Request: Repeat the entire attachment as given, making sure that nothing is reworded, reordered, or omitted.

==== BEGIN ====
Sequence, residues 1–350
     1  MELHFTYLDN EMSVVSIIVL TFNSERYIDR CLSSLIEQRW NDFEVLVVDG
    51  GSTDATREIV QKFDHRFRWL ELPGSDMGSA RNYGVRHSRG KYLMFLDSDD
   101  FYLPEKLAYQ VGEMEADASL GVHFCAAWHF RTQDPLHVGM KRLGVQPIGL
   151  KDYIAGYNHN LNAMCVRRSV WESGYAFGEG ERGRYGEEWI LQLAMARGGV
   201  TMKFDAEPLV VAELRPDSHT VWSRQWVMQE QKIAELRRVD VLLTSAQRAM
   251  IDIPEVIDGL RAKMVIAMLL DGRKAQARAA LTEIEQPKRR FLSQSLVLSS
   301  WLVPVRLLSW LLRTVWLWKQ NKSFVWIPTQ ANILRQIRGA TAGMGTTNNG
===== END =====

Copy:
Sequence, residues 1–350
     1  MELHFTYLDN EMSVVSIIVL TFNSERYIDR CLSSLIEQRW NDFEVLVVDG
    51  GSTDATREIV QKFDHRFRWL ELPGSDMGSA RNYGVRHSRG KYLMFLDSDD
   101  FYLPEKLAYQ VGEMEADASL GVHFCAAWHF RTQDPLHVGM KRLGVQPIGL
   151  KDYIAGYNHN LNAMCVRRSV WESGYAFGEG ERGRYGEEWI LQLAMARGGV
   201  TMKFDAEPLV VAELRPDSHT VWSRQWVMQE QKIAELRRVD VLLTSAQRAM
   251  IDIPEVIDGL RAKMVIAMLL DGRKAQARAA LTEIEQPKRR FLSQSLVLSS
   301  WLVPVRLLSW LLRTVWLWKQ NKSFVWIPTQ ANILRQIRGA TAGMGTTNNG